We urgently call for the formation of the bicameral commission on intelligence oversight

For the past four months, since the composition of the Chambers in Congress changed, the commission tasked with overseeing intelligence agencies and activities has been inactive. Alongside members of the Iniciativa Ciudadana de Control del Sistema de Inteligencia (ICCSI) [Civil Initiative for Intelligence System Oversight], we urge parliamentary authorities, deputies, and senators to rectify this situation.

The ICCSI calls on the authorities of the National Congress and legislators to immediately establish the only oversight body mandated by law for the intelligence system in Argentina: the Bicameral Commission for Oversight of Intelligence Agencies and Activities, as stipulated by Law 25,520 currently in force in Argentina. On April 15, we submitted a letter to the presidents of both Chambers, highlighting the urgency of completing its formation and requesting that they take the necessary steps to do so. The recent ruling by the Federal Criminal Court of Appeals, confirming the convictions of intelligence authorities and agents for diverting and obstructing the investigation into the 1994 AMIA bombing, further underscores the importance of this oversight. The Bicameral Commission is one of the strategic commissions that has yet to be fully constituted following the renewal of the legislative bodies four months ago.

For many years, ICCSI has been warning about the imperative need for a comprehensive reform of Argentina’s intelligence system. Several administrations have weighed this possibility, but none have made the necessary changes to democratize and rigorously oversee not only the operations of intelligence services but also—particularly—the management of two pivotal components of the system: secrecy and reserved funds.

It is worth noting that the Federal Intelligence Agency (AFI) has been under intervention since the Alberto Fernández administration. This exceptional circumstance was extended for two years by the government of Javier Milei through Decree 22 of December 2023. Lawyer Silvestre Sivori was appointed head of the AFI. At that time, we voiced concerns about another extension of the intervention, especially considering the circumstances: the directives outlined in the decree highlight the lack of strategic political will and a cohesive state policy regarding national intelligence. Given this context, the importance of parliamentary oversight in this matter becomes even more critical.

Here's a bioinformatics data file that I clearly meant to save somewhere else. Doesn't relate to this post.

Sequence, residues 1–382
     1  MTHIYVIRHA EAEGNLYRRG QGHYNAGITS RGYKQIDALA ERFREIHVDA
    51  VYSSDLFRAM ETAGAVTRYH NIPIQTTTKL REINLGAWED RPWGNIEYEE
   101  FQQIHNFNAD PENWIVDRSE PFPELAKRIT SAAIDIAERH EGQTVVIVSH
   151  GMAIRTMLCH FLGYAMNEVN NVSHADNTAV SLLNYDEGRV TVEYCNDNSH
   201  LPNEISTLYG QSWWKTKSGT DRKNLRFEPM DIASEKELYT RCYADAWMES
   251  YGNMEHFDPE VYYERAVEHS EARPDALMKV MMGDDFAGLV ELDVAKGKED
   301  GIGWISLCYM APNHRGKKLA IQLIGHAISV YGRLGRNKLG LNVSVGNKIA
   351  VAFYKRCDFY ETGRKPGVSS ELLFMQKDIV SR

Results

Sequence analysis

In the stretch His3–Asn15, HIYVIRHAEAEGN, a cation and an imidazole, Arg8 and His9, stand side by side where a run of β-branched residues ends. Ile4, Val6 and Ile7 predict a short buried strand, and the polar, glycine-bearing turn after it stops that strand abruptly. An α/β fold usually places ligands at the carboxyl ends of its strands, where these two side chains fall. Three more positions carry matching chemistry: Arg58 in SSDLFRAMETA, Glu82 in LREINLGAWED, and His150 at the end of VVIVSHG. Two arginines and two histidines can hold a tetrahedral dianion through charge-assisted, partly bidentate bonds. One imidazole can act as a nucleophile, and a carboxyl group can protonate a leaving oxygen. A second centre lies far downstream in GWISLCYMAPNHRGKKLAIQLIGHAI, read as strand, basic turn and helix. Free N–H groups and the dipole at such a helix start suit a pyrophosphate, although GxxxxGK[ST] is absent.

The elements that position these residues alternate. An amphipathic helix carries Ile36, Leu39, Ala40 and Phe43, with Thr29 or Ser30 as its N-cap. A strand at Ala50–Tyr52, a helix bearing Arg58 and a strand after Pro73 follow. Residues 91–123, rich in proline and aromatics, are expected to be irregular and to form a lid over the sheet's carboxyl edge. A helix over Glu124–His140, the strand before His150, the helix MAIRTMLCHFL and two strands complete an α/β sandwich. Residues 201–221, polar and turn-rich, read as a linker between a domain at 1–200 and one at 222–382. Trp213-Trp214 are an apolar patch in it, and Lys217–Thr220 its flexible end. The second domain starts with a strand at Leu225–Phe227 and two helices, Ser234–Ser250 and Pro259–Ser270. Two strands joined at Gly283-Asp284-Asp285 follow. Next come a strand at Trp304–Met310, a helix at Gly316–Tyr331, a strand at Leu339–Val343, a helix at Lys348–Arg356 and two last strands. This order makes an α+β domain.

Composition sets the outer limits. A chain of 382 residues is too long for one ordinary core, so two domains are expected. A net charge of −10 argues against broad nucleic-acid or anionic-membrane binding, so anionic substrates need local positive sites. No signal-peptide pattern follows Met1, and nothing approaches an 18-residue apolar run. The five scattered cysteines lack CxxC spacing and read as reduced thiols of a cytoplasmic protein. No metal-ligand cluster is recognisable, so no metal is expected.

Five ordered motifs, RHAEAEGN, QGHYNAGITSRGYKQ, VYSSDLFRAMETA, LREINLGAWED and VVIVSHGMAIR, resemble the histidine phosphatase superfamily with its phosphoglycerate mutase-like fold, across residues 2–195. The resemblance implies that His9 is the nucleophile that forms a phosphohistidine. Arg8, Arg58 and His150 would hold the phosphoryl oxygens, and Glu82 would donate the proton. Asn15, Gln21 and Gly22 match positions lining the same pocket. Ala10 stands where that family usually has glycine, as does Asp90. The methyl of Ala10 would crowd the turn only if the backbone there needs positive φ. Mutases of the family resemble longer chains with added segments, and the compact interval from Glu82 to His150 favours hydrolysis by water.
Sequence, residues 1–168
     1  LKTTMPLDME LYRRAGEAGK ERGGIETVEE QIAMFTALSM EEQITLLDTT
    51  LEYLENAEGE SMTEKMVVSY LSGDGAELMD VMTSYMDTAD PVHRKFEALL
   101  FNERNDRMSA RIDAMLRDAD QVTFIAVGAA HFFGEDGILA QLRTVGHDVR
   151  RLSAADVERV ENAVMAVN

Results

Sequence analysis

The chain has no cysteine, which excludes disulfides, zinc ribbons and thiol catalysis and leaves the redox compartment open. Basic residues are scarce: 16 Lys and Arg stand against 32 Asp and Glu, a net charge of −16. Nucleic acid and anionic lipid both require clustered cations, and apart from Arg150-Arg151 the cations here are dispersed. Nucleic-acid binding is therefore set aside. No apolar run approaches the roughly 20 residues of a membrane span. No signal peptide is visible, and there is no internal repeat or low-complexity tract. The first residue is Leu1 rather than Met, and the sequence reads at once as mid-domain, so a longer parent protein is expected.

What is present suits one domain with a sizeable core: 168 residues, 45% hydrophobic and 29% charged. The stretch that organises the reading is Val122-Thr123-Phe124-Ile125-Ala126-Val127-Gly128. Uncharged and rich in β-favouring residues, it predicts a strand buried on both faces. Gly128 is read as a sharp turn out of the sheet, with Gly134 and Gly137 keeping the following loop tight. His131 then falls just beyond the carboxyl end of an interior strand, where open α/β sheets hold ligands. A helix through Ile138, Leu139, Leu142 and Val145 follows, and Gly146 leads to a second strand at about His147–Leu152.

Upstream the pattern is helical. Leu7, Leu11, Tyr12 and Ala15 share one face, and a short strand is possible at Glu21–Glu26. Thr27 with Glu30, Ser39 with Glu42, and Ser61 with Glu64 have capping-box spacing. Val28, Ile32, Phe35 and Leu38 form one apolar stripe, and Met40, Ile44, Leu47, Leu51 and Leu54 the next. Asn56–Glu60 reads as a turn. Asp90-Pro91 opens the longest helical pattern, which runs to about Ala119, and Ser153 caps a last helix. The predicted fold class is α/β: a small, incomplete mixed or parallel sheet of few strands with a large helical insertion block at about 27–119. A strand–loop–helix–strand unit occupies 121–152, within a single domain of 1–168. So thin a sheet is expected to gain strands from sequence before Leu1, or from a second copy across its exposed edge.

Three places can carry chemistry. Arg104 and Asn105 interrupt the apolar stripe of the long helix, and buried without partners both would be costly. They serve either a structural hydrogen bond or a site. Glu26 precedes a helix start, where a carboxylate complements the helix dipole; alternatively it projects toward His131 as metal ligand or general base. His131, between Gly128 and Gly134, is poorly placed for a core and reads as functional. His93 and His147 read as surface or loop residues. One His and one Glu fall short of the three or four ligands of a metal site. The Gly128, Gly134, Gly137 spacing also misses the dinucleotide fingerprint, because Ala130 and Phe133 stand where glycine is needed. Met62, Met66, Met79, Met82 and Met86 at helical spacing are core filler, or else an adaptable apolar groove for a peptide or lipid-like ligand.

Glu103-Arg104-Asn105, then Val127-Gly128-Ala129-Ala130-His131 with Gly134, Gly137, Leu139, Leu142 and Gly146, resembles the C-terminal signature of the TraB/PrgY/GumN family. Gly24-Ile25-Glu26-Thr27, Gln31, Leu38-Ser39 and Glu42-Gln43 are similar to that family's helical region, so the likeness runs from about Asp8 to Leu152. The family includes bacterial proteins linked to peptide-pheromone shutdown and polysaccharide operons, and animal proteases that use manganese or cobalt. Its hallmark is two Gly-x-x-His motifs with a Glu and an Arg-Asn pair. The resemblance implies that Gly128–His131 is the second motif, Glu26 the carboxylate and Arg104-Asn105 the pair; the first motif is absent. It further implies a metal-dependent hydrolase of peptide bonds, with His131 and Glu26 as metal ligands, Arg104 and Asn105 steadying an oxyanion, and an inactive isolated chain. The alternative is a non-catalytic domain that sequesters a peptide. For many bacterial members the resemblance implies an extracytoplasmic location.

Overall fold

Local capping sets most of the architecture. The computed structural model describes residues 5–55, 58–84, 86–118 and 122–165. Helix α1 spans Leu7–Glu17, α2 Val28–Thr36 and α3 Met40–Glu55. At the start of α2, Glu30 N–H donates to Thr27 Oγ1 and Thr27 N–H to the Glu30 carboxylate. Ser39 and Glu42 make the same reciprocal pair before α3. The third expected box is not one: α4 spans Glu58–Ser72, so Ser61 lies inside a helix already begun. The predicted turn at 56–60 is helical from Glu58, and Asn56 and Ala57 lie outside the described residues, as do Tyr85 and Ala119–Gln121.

The current intervention is mandated to develop a plan for the reformulation, readjustment, and action of the agency, in particular, and the intelligence system, in general. It is important to remember that the Intelligence System includes not only the AFI but also the Criminal Intelligence Directorate (under the Ministry of Security) and the Military Intelligence Directorate (under the Ministry of Defense). All three have different tasks and roles that must be clearly defined and separated. However, multiple media reports in recent days have highlighted debates within the national executive branch regarding the structure of the intelligence system and the desire of the AFI intervenor and other officials to centralize the operations of these areas under their authority.

Resuming the debate on democratic control of intelligence services is imperative. Historically, these services have been utilized for dubious purposes and have not adequately served the nation’s true interests. Institutional oversight plays a crucial role in this mission. However, parliamentary control, exercised by the Bicameral Commission for Oversight of Intelligence Agencies and Activities, has been weak thus far. Nevertheless, establishing this commission is essential to reversing this trend.

Therefore, as a primary measure, ICCSI requests the urgent completion of the formation of the Bicameral Commission, as well as an open dialogue from the Executive Branch, including the intervention of the AFI, to pursue a reform of the intelligence system agencies in line with what democracy requires.

We strive to contribute our vision and experience to all reform endeavors, yet we have failed to propel the necessary advancements for a restructuring that fulfills these expectations. We have proposed new institutional frameworks with concrete ideas and regulations for change, which must be embraced boldly, without half-measures, false prudence, or hidden agendas.

We hope that Congress will proceed with the appointment of all members of the Bicameral Commission, thereby establishing the primary oversight body for intelligence agencies and fostering valid interlocutors to deepen the debate on constructing an intelligence system commensurate with the democratic regime.

About ICCSI 

ICCSI is a coalition of organizations including the Instituto Latinoamericano de Seguridad y Democracia (ILSED), the Centro de Estudios Legales y Sociales (CELS), and the Fundación Vía Libre, aimed at contributing to the strengthening of democratic control over the intelligence system in Argentina.